Key Messages You Can Use When Meeting With Your MPP

  • Midwifery care is an integrated solution and approach that provides primary care to people during pregnancy, labour and delivery and first 6 weeks following the birth for both mother and baby.
  • Midwives are regulated primary care providers who specialize in providing high quality and cost-effective primary care.
  • Midwives provide choice of birthplace to their clients. This includes birth at home, hospital or at a birth centre.
  • Midwifery care has excellent outcomes, and is a cost-effective use of taxpayer dollars. Regardless of the place of birth, midwifery clients have a lower rate of costly interventions, shorter hospital stays, and high rates of client satisfaction. (1)

  • Giving birth remains the most common reason for hospitalization in Canada, and C-sections the most common inpatient procedure.(2)

  • The Association for Safe Alternatives in Childbirth (ASAC, Alberta) has reported that decreasing the caesarean rate in hospitals to 20% could save 14.5 million in hospital costs. ASAC also reports that a potential $45.9 million could be saved if midwifery care were increased to provide care to clients who had a previous c-section (VBAC). (3)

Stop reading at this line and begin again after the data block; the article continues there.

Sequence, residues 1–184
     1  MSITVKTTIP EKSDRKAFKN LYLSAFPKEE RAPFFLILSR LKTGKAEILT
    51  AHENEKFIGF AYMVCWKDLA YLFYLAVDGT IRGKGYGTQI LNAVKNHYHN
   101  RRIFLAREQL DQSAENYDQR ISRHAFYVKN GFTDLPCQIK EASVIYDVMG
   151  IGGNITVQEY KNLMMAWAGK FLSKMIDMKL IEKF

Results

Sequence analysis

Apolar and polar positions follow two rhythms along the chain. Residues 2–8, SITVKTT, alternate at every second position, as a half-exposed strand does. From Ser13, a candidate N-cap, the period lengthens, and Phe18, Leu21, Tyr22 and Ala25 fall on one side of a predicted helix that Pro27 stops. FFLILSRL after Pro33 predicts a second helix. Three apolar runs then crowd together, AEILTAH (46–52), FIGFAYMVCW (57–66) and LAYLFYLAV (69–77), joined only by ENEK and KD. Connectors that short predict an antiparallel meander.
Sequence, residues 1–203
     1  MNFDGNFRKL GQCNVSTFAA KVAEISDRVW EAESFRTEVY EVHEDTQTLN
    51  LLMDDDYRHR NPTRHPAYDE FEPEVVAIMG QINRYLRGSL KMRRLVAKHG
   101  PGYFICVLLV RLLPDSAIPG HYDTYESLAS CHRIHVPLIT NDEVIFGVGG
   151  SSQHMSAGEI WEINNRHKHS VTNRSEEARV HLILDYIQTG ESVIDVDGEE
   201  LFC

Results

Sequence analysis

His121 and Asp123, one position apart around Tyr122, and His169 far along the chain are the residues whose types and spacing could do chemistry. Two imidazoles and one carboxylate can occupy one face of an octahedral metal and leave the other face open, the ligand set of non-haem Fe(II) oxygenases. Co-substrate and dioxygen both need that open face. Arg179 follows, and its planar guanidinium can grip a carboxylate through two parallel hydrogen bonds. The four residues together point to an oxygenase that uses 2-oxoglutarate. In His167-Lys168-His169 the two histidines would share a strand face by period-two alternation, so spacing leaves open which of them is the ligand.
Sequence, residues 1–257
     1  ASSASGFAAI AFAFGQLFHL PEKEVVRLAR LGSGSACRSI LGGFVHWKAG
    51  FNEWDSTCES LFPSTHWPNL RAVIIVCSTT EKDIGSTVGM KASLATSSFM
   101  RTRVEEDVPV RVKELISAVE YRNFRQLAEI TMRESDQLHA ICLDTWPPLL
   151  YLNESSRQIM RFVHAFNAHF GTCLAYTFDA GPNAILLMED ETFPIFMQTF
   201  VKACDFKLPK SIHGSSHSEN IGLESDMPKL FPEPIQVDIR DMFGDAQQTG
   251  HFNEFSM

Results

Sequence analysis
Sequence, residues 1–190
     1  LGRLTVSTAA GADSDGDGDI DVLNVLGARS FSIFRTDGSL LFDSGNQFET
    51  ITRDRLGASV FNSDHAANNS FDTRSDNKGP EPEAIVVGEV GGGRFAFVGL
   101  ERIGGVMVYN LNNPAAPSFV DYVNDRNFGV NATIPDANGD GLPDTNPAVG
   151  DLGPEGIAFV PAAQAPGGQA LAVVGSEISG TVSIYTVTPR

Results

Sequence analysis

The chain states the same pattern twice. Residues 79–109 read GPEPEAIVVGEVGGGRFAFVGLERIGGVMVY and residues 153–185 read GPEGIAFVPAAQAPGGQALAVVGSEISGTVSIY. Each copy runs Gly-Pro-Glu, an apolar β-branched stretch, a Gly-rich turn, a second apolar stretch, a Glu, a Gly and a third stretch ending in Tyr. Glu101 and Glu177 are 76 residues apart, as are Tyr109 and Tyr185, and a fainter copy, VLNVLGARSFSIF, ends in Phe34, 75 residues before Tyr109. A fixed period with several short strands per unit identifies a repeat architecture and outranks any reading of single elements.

• However, midwives still face barriers to providing care to clients due to hospital integration / privileging issues (e.g. hospital ‘caps’ on midwifery privileges). Furthermore, there are not currently enough midwives to satisfy demand (4). Increasing investments in midwifery care, particularly in underserviced areas, would help alleviate the burden placed on hospitals and other care providers.

  • Midwives do and can play a unique part in the strategy to improve health care and end hallway medicine, by continuing to offer birth at home or at a birth centre as an option for Ontarians and thereby reducing hospital stays and freeing up beds and hospital resources for those who need it the most.

References:

(1) Public Health Agency of Canada. What Mothers Say:The Canadian Maternity Experiences Survey http://www.phac-aspc.gc.ca/rhs-ssg/pdf/survey-eng.pdf, 2009. p. 162. 

(2) Canadian Institute for Health Information. “C-section rates continue to increase while birth rates decline.”  https://www.cihi.ca/en/c-section-rates-continue-to-increase-while-birth-rates-decline. April 2018.

(3) Association for Safe Alternatives in Childbirth (ASAC), https://www.asac.ab.ca/maternity_care_report/, 2016.

(4) Mullin, M. June 17, 2017. “Need for Ontario midwives 'past the tipping point,' say pros” Retrieved from: https://www.cbc.ca/news/canada/toronto/tipping-point-midwives-1.4166003